Foundations in Times of Chaos

Posted by Jeff Iorg on

When chaos erupts—personally, in a community, or across a nation—the best response may be counter-intuitive to what seems needed. Right now, we are facing social unrest, political turmoil, natural disasters (fires, hurricanes, etc.), and a global pandemic. It might seem the best response is attempting to address all these issues, offering authoritative insights or declarative judgments. In reality, the opposite approach is needed from Christian leaders.

Cliffs by Stormy WavesWhen chaos erupts, the best response is to preach and teach the foundations of our faith. Messages on the gospel, sharing the gospel with hurting people, and living the gospel as communities of faith must remain our focus. Challenging people to live out those timeless realities is better than offering opinion-laced bromides about current events.

My home church has done a great job with this. As a predominantly African-American fellowship, you might assume every sermon right now is about racism or the pandemic’s impact in communities of color. Not so. Our pastor has been preaching, for the past several weeks, on the importance of healthy church ministry—both within our fellowship and to the community around us. While he has mentioned current events for context, and leads us to pray corporately about global needs, his focus (and thus the focus of our church) has been on the gospel and its transformative power in communities. As a result, Sunday’s are an oasis of sanity in a sea of crazy!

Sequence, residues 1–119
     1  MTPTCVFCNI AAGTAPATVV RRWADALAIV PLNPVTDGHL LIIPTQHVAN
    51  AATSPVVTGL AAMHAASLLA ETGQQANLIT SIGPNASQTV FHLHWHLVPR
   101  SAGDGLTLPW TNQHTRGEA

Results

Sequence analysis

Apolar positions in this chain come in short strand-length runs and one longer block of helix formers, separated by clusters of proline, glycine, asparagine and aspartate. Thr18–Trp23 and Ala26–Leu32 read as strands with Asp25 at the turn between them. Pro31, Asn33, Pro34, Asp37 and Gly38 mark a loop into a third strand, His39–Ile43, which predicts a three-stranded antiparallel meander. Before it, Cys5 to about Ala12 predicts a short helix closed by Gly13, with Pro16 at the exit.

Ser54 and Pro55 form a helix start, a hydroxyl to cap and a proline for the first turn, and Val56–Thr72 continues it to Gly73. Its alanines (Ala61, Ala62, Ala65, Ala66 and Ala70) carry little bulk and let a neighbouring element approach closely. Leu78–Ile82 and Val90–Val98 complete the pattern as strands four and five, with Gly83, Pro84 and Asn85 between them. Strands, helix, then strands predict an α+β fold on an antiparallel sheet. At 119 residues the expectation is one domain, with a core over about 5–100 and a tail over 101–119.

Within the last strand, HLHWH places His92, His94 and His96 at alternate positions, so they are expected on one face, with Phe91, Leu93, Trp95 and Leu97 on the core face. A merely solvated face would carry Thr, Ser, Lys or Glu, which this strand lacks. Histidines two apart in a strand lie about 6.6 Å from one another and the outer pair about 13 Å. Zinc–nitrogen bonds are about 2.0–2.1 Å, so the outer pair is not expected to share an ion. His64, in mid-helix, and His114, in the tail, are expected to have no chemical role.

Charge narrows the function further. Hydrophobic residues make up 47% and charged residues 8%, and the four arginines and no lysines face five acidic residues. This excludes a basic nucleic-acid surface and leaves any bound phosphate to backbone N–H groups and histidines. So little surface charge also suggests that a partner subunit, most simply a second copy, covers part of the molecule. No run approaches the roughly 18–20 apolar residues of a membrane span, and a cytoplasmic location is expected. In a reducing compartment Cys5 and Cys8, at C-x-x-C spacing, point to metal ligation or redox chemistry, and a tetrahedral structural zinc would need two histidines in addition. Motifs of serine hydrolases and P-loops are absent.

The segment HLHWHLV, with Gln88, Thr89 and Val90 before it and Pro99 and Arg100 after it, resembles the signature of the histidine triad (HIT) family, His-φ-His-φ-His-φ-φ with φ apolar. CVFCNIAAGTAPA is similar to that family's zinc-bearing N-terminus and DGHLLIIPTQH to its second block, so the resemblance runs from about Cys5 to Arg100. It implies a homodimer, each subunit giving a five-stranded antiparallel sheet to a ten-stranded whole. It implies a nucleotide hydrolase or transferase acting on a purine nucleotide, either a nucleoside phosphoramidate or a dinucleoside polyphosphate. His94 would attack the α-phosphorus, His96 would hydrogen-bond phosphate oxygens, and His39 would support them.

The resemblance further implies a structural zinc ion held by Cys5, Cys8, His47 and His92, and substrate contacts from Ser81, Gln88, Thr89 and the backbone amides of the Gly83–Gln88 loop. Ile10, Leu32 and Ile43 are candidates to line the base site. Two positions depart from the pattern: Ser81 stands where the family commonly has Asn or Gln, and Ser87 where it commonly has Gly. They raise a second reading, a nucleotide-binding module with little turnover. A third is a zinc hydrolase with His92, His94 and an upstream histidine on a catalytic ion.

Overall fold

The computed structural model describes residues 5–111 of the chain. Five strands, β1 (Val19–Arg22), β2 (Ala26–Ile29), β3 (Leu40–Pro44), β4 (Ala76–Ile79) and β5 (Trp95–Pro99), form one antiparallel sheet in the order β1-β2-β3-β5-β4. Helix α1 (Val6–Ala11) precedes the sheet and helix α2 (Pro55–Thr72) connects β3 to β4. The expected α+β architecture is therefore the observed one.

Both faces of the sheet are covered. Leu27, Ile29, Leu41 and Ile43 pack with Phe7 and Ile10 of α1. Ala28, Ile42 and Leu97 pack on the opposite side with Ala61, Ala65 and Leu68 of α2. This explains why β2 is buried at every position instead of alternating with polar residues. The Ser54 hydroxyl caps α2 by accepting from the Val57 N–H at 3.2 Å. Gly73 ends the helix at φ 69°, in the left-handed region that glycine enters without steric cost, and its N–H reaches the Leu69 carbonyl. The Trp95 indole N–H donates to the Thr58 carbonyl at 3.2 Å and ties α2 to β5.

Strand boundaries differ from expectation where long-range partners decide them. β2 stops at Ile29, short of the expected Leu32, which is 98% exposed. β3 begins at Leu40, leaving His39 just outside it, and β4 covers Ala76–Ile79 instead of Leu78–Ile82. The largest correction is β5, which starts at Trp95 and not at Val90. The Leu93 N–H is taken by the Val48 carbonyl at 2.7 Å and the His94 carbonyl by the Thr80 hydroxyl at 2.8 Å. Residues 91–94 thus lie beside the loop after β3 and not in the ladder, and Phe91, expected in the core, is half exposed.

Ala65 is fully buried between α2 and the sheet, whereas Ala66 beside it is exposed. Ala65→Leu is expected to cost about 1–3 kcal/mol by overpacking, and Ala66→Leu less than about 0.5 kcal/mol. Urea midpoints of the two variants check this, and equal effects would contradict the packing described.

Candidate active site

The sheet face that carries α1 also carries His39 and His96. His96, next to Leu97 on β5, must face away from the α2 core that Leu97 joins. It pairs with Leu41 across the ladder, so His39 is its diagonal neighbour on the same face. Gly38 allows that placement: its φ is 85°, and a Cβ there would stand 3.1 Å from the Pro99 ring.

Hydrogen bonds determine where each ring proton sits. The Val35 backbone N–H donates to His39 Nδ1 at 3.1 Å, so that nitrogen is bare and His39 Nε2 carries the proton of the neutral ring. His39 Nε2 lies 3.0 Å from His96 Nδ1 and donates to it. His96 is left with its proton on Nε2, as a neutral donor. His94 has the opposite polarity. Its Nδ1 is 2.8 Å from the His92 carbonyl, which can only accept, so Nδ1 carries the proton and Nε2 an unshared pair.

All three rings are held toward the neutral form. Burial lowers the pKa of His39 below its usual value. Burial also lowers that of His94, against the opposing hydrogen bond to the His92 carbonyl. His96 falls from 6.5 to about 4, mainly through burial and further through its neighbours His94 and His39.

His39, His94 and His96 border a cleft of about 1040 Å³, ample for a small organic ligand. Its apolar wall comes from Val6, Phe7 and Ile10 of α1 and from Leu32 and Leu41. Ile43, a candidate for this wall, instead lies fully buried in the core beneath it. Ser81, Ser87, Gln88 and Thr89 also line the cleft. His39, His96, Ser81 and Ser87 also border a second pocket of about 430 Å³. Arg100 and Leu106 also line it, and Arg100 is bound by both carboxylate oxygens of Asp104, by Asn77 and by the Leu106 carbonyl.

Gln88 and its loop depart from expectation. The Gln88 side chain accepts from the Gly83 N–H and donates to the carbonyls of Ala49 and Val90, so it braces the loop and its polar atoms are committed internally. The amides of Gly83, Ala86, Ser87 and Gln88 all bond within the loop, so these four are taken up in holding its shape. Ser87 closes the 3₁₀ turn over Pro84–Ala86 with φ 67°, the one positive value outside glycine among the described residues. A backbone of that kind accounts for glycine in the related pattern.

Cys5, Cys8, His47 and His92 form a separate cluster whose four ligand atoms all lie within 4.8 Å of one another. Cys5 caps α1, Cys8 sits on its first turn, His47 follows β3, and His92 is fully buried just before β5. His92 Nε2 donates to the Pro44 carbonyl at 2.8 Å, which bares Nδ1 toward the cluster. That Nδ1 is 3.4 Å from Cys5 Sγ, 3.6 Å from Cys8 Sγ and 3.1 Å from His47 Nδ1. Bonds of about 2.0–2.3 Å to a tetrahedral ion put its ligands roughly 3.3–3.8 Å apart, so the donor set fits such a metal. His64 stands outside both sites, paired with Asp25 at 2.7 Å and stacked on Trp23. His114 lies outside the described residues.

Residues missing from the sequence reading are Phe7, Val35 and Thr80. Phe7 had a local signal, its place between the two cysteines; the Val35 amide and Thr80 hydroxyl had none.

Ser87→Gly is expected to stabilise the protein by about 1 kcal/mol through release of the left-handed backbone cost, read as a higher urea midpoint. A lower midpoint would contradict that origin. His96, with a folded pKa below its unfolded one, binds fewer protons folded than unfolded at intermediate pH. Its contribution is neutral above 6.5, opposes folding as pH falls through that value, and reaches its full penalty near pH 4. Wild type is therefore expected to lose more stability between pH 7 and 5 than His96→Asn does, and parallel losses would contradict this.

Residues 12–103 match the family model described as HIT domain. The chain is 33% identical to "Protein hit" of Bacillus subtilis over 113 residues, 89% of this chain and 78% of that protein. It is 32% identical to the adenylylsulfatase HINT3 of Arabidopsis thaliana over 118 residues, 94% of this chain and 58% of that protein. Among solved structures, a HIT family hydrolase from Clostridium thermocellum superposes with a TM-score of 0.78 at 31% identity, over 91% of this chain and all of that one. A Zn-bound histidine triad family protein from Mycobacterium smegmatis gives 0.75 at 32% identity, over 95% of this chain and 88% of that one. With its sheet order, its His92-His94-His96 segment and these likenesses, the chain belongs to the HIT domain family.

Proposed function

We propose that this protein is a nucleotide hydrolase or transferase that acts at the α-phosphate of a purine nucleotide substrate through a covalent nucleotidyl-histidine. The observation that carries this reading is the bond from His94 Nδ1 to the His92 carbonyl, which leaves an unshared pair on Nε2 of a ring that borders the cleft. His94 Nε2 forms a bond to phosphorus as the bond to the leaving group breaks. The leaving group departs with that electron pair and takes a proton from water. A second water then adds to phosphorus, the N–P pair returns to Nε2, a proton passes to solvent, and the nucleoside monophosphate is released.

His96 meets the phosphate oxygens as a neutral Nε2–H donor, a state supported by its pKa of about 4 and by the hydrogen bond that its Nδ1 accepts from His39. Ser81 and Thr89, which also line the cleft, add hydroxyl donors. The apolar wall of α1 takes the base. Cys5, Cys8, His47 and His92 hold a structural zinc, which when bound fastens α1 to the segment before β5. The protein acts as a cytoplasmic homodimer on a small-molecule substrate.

When everything around us seems shaky, the best response is to firm up the foundation. Rather than preach or teach political theory, social reform, or medical remedies—communicate the gospel and call people to live it out in relationships with others. Rather than offering “expert” advice on every subject, stay in your lane and communicate the gospel, its demands on believers, and its impact on communities.

We are doing this at Gateway. One person asked me how current events are shaping our curriculum. My response surprised him when I said, “Not much.” We are certainly aware of what is happening in our world, but we are committed to teaching timeless Truth and proven best practices of global ministry. We offer students foundational—not basic—but foundational training that will serve them over a lifetime of meeting whatever leadership challenges come their way.

Since the attacks on 9/11, there has never been a greater need for a clear message of hope to be sounded by churches to hurting people. If we really believe in the transformative power of the gospel, how can we waste breath communicating lesser messages?



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